Let me quote columnist Andrew Coyne from the National Post. He had this to say, in 2012, about omnibus legislation, about transparency and accountability. The quote from two years ago is just as relevant today. He said:
|| Not only does this bill make a mockery of the confidence convention, shielding bills that would otherwise be defeatable within a money bill.... It makes it impossible to know what Parliament really intended by any of it. We've no idea whether MPs supported or opposed any particular bill in the bunch, only that they voted for the legislation that contained them. There is no common thread that runs between them, no overarching principle; they represent not a single act of policy, but a sort of compulsory buffet. But there is something quite alarming about Parliament being obliged to rubber-stamp the government's whole legislative agenda at one go.
Yes, it is quite alarming, but it is also old hat for the Conservative government. It is its go-to trick, its old reliable.
I will tackle some of the meat of this budget implementation act.
First, in terms of the economy, this is a do-nothing budget. It basically bides time until 2015, an election year, when the government purse will reopen and the Conservatives will attempt to buy the electorate with their own money. They will try to swing the election in their favour with the changes in the unfair election act and then use taxpayers' own money to sweeten the deal.
I am the official critic for the Atlantic Canada Opportunities Agency. It has been a very busy file, with more Conservative patronage than we can shake a stick at.
Where can one start to simplify the issues about patronage?
To simplify and to borrow a description from The Guardian about a story in the Halifax Chronicle Herald: “...hiring rules at ACOA have been twisted into pretzels to accommodate Conservative Party loyalists”.
Awful-tasting pretzels. Patronage at ACOA. And it has been blatant and it has been steady. Patronage at ACOA walks like a duck. It looks like a duck. It quacks like a duck. It even tastes like a duck. But the Conservatives, who use science more as a political art that science, say that the duck that has been feeding out of the Conservatives' hand right in front of us is a figment of our imagination. Maybe the duck is invisible to Conservatives, the same way that climate change is invisible to Conservatives, or the unemployed, or veterans.
While patronage has run rampant at ACOA, what would the budget implementation act do about it?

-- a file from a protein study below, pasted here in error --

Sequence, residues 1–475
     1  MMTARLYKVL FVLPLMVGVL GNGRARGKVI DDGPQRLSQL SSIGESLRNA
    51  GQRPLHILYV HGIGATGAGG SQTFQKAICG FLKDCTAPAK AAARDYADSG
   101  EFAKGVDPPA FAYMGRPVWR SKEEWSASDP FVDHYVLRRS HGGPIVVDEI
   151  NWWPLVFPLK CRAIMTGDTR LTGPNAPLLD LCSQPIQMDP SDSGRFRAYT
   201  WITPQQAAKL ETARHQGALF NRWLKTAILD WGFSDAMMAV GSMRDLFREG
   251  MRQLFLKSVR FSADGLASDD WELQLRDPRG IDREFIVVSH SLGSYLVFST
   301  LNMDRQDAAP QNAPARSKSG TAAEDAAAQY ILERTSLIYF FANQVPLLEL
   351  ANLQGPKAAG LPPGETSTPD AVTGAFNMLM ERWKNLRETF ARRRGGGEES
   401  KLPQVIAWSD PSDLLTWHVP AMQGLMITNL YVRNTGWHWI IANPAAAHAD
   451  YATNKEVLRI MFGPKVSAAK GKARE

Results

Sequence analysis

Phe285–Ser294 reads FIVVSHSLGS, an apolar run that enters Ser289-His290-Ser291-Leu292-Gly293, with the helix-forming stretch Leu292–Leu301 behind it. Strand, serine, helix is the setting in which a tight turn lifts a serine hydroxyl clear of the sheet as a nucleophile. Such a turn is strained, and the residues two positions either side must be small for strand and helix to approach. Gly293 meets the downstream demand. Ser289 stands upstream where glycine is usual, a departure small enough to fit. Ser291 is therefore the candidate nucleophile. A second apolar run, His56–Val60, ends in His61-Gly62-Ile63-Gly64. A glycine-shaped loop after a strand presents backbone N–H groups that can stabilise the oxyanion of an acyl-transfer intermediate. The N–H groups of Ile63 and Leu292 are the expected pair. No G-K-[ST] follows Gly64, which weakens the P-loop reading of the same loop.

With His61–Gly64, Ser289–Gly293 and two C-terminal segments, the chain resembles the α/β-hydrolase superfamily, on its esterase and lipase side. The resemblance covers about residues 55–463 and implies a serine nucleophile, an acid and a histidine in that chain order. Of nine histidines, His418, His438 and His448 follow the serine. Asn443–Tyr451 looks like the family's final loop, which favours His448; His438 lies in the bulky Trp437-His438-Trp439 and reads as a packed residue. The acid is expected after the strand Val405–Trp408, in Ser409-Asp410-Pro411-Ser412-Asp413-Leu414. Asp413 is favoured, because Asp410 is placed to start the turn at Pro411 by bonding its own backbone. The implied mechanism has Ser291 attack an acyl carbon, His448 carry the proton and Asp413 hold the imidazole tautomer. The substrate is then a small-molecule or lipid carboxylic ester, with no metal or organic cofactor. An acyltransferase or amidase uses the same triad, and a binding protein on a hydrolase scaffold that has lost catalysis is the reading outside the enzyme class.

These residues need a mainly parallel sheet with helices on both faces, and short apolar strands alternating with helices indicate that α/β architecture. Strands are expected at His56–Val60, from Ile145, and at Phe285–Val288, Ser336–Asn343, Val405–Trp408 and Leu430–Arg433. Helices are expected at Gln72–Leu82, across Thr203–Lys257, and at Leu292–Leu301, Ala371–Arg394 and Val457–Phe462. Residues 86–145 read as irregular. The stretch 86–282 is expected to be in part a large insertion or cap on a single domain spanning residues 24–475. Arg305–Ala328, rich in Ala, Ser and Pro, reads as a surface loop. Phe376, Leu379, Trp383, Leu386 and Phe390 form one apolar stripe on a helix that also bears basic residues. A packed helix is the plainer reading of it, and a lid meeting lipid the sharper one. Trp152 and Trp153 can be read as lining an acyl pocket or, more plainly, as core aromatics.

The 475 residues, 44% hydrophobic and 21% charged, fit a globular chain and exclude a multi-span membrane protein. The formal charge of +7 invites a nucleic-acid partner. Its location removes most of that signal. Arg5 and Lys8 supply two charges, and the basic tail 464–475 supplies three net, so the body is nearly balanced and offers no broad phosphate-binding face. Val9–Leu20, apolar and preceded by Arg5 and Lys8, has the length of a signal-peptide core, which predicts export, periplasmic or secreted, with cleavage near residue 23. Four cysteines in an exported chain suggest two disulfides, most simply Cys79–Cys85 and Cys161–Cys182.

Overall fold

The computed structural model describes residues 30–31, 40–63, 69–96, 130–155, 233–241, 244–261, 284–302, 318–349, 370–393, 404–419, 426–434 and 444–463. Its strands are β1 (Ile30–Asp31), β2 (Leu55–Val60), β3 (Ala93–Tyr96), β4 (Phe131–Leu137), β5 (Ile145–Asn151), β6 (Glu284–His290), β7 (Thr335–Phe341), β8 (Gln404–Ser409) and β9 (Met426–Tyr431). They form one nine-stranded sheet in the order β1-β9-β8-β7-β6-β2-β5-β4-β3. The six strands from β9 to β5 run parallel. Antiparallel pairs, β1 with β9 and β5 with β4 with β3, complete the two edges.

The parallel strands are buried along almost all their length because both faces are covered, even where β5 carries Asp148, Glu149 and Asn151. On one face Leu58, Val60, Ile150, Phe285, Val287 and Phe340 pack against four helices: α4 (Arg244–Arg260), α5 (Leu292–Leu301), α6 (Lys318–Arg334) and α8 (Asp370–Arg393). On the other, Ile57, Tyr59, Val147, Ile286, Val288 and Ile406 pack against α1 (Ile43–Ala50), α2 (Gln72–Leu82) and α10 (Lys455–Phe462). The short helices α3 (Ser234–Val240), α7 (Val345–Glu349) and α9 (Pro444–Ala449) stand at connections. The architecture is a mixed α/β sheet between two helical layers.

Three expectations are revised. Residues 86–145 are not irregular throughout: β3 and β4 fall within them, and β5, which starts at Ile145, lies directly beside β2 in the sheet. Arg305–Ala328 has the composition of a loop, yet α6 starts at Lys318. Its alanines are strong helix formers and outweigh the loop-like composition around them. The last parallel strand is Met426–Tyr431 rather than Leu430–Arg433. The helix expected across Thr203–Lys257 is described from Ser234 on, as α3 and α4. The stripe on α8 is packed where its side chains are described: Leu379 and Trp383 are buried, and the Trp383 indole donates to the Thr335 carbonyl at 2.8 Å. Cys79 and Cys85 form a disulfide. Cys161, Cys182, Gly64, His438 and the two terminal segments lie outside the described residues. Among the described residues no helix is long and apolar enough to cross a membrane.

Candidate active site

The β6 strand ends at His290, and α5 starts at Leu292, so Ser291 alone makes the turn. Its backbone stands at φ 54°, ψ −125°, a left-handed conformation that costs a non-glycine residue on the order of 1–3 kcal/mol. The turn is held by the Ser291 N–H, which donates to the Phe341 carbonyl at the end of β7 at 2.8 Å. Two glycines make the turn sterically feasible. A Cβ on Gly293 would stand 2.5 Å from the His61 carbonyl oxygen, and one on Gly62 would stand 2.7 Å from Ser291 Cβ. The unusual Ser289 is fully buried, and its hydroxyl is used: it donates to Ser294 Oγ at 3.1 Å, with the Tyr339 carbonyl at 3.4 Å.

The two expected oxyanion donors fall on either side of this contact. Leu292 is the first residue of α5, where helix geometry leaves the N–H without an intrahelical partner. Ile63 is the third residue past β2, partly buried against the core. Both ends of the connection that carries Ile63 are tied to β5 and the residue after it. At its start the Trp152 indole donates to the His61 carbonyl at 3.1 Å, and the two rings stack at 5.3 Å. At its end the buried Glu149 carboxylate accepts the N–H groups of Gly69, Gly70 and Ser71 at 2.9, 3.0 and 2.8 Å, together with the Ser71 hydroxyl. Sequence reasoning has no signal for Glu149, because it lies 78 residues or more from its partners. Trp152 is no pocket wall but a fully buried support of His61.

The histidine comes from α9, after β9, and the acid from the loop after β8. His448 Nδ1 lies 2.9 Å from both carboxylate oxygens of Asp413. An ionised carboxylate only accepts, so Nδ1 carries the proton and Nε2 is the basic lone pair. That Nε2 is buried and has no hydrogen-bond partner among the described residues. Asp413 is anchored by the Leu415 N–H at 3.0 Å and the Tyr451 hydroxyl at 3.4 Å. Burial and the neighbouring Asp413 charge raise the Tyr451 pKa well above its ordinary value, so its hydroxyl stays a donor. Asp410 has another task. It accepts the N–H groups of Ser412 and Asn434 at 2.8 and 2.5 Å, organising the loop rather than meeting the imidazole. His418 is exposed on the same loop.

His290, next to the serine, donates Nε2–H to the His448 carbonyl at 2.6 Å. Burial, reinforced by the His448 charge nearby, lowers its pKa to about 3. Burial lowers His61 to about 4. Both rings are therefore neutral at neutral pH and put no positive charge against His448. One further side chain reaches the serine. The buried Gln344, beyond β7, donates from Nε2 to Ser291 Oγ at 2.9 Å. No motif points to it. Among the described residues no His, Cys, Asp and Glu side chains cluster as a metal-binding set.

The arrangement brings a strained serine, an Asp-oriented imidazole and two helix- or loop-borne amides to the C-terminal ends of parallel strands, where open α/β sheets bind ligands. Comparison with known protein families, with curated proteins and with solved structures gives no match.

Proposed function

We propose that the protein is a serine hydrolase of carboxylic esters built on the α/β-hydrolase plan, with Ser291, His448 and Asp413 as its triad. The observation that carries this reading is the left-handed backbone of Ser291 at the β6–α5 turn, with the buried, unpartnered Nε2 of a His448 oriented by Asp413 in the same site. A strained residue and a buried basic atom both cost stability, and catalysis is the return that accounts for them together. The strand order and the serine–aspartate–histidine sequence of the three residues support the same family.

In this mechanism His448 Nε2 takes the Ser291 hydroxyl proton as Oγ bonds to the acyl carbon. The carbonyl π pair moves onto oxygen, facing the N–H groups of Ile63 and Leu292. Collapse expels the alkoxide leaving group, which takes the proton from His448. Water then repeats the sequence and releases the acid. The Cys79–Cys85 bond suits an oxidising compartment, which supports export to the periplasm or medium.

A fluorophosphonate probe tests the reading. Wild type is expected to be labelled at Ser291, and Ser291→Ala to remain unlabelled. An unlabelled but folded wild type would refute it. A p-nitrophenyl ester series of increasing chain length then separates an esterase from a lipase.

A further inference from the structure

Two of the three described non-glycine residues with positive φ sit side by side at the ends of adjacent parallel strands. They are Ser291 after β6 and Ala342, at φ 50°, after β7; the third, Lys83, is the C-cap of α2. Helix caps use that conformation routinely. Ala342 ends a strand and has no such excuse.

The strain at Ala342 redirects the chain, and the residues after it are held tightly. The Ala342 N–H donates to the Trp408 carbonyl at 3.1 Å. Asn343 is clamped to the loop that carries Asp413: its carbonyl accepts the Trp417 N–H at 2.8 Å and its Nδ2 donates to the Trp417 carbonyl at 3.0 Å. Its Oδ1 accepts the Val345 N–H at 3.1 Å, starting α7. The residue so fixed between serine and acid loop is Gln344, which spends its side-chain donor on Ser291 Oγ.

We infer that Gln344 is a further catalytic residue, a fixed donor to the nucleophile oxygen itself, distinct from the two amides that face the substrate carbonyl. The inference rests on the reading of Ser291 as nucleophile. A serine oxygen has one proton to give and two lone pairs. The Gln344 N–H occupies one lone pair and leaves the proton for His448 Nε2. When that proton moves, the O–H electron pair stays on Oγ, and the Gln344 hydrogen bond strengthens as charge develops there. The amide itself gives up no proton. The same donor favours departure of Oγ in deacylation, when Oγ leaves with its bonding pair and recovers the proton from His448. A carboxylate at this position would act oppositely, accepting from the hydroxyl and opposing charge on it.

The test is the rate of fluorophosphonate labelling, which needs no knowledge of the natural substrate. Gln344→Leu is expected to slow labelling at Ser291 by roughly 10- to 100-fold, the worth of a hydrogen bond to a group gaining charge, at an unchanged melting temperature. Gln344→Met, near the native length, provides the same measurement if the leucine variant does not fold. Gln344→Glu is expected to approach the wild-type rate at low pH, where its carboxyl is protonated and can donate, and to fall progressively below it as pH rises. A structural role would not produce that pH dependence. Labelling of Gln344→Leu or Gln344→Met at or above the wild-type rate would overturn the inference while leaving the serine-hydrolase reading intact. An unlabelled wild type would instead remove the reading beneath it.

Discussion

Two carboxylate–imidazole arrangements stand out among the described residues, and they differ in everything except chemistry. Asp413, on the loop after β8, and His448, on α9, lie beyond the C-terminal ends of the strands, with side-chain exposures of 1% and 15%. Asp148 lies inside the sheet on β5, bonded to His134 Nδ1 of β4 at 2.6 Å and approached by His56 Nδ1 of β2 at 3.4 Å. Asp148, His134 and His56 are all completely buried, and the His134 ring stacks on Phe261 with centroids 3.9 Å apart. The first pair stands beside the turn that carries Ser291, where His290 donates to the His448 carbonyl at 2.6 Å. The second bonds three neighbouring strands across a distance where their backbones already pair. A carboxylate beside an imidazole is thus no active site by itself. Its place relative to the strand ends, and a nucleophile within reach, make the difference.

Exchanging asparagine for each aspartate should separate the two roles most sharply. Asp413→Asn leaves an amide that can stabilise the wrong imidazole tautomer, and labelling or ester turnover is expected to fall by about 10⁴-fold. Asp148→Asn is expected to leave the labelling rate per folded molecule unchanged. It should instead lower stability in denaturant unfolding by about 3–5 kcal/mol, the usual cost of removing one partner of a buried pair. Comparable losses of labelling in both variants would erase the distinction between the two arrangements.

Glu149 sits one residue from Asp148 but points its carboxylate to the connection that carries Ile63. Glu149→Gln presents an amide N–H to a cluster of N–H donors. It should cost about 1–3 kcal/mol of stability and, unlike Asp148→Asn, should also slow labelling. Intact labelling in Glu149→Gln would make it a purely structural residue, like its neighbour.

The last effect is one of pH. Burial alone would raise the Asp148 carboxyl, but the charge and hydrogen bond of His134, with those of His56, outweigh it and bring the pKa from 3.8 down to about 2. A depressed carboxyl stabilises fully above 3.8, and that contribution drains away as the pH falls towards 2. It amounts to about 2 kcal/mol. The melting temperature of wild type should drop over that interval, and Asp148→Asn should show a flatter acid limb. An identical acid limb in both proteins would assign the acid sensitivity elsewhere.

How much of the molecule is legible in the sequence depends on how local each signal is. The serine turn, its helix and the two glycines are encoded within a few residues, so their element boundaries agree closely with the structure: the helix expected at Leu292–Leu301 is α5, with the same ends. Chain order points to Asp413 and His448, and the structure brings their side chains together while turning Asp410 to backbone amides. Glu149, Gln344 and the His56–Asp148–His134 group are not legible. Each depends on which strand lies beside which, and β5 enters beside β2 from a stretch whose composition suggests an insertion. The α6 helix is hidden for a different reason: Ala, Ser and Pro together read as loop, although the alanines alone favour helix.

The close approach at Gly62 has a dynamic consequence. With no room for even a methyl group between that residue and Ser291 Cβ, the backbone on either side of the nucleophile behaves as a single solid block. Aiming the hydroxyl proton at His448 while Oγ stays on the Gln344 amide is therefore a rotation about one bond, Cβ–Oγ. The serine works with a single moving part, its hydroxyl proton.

Let us see. Instead of increasing accountability and addressing patronage, the Conservatives are gutting it. The act would eliminate the need for the president of ACOA to table a report to Parliament every five years showing the impact of the agency's work on regional disparities. In other words, there will be no more report card. ACOA's board of directors would also be out the door. In theory, the board of directors could have blocked ACOA patronage. Only it did not do that.
I asked the federal Auditor General last year to investigate the Enterprise Cape Breton Corporation, a branch of ACOA, after it gave a $4.8-million grant to build a controversial marina. The Auditor General agreed to investigate.
What did the Conservatives do in advance of that report from the Auditor General? They folded the Enterprise Cape Breton Corporation into ACOA. How convenient.
So, to tackle the blatant, out-of-control patronage, the current government actually gives more power to itself.
The budget should have been about making life more affordable and reducing household debt. The budget should have been about making credit rates reasonable. It should have been about capping ATM fees, cracking down on abusive practices of payday lenders, and providing services that Canadians rely upon.
Instead, the budget is about sidestepping democracy with yet another omnibus bill, the Conservatives' fifth attempt to evade parliamentary scrutiny.
I will end with a series of two questions posed by the current Prime Minister in 1995 when the Liberals pushed through an omnibus bill:
||...in the interest of democracy I ask: How can members represent their constituents on these various areas when they are forced to vote in a block on such legislation and on such concerns?
|| We can agree with some measures but oppose others. How do we express our views and the views of our constituents when the matters are so diverse?
That is a good question.
So what is the answer?
The answer is that we cannot represent our constituents in dealing with such massive omnibus legislation.
What is the solution?